When this blog was mentioned on the westlit discussion group (Welcome, westlitters!), I encouraged others to blog, which got me thinking. As I understand it, the Internet started as a glorified bulletin board. You could post a question that a lot of people could look at. You, the questioner, were generally the focus. The experts were just out there somewhere. They would respond, you would be grateful, and that would be the transaction of ideas.
The expansion of the Internet -- and the expansion of search technology -- now means that the ideas can live out there, on their own. You don't post a question, you search for its answer. Already we use "Google" as a verb.
So how do we engage ideas? Whereas discussions -- even email-based discussion groups -- once came to us, now we can go out and look for those ideas, waiting until they interest us. So when do we know how and when to let loose ideas? What's the cyberversion of the guy who says, "Hey! Nobody cares!" Or do we even need such a guy?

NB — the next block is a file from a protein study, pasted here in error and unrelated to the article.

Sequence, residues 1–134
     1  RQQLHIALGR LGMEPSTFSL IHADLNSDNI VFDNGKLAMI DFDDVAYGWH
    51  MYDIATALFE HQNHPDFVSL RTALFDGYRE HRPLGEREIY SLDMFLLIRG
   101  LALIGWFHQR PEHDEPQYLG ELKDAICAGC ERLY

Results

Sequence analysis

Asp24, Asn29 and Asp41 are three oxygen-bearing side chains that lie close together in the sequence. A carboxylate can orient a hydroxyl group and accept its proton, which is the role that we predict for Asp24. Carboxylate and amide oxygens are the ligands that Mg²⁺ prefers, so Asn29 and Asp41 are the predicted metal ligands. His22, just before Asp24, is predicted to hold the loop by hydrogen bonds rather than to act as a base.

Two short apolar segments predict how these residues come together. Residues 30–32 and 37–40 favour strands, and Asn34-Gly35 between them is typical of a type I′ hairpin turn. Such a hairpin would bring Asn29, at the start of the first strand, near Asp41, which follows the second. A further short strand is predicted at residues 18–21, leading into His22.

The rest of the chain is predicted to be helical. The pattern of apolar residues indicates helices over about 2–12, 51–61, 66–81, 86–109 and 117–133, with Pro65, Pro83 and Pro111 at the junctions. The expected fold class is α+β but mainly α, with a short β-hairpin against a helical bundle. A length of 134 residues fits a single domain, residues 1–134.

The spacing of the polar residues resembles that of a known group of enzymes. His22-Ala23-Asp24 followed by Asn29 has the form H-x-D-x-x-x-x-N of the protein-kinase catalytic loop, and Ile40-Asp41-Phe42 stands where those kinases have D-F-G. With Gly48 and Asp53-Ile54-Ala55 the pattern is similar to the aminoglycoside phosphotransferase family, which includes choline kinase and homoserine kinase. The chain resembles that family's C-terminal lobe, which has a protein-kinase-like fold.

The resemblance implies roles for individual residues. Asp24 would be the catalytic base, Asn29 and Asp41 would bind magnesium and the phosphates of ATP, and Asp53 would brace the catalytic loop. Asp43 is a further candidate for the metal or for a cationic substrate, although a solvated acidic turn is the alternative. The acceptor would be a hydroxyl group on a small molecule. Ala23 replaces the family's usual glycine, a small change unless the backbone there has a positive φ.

Publishing anything involves a conflict. To what extent do we take pleasure in the articulating of an idea, and to what extent does the pleasure come only when other people acknowledge it? I believe that the recent explosion of micropublishing technology (not only blogs, but print-on-demand) augurs for the former. And I think that's good for the world.
"Blog on," he said, and his smile took no account of its audience.
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